You've tried growing herbs or maybe some lettuce plants in the kitchen, but all you end up with are bugs and bits of dirt on the floor. An alternative method for indoor gardening is growing hydroponic plants in a jar. Hydroponics doesn't use soil, so there is no mess!
There are hydroponic growing systems on the market in various price ranges, but using inexpensive canning jars is a budget-friendly option. With a little creativity, your hydroponic mason jar garden can be a quintessential part of your kitchen décor.
Making a Hydroponic Garden in Glass Jars
In addition to mason jars, you will need some specific supplies to grow hydroponic plants in a jar. These supplies are fairly inexpensive and can be purchased online or from hydroponic supply stores. Your local garden supply center may also carry the supplies you'll need for mason jar hydroponics.
- One or more quart-sized wide-mouth canning jars with bands (or any glass jar)
- 3-inch (7.6 cm.) net pots - one for each mason jar
- Rockwool growing cubes for starting the plants
- Hydroton clay pebbles
- Hydroponic nutrients
- Herb or lettuce seeds (or other desired plant)
You'll also need a way to block light from entering the mason jar in order to prevent algae growth. You can coat the jars with black spray paint, cover them with duct or washi tape or use a light-blocking fabric sleeve. The latter allows you to easily view the root systems of your hydroponic mason jar garden and determine when to add more water.
Assembling Your Hydroponic Garden in Glass Jars
Follow these simple steps to make your hydroponic mason jar garden:
- Plant the seeds in the rockwool growing cubes. While they are germinating, you can prepare the mason jars. Once the seedlings have roots extending out of the bottom of the cube, it's time to plant your hydroponic garden in glass jars.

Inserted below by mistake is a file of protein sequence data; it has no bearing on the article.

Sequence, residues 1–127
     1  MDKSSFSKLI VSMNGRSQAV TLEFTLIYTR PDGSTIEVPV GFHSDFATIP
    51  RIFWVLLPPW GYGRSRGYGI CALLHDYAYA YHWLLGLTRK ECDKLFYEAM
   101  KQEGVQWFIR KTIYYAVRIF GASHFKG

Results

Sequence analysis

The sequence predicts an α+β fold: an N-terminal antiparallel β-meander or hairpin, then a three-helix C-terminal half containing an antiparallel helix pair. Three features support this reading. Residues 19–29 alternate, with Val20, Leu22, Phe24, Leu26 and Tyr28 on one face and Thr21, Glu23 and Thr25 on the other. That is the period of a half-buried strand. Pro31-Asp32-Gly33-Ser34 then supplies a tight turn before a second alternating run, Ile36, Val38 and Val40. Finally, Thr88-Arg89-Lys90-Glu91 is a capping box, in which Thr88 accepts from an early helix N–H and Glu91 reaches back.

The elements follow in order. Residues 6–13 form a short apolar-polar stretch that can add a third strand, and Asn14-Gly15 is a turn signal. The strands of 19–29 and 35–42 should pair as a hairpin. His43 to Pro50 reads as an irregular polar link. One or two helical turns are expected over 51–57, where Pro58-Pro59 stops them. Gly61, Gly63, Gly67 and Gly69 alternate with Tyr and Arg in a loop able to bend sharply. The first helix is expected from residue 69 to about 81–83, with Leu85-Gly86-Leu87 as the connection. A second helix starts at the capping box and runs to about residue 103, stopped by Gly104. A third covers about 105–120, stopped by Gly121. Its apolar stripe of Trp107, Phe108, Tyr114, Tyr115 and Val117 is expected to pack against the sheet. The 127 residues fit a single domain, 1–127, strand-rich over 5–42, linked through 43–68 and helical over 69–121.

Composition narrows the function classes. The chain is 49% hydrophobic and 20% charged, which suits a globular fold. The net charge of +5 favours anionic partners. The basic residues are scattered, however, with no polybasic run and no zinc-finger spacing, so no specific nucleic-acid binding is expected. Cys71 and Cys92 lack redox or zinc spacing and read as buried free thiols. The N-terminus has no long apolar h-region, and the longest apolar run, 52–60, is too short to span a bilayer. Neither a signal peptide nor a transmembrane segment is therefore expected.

- Wash the mason jars and rinse the hydroton pebbles.
- Prepare the mason jar by spray painting it black, coating it with tape or enclosing it in a fabric sleeve.
- Place the net pot in the jar. Screw the band onto the jar to hold the net pot in place.
- Fill the jar with water, stopping when the water level is about ¼ inch (6 mm.) above the bottom of the net pot. Filtered or reverse osmosis water is best. Be sure to add hydroponic nutrients at this time.
- Place a thin layer of hydroton pellets in the bottom of the net pot. Next, put the rockwool growing cube containing the sprouted seedling onto the hydroton pellets.
- Continue carefully placing hydroton pellets around and on top of the rockwool cube.
- Place your hydroponic mason jar garden in a sunny location or provide adequate artificial light.
Note: It is also possible to simply root and grow various plants in a jar of water, changing it out as needed.
Maintaining your hydroponic plants in a jar is as simple as giving them plenty of light and adding water as needed!
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Laura Miller has been gardening all her life. Holding a degree in Biology, Nutrition, and Agriculture, Laura's area of expertise is vegetables, herbs, and all things edible. She lives in Ohio.
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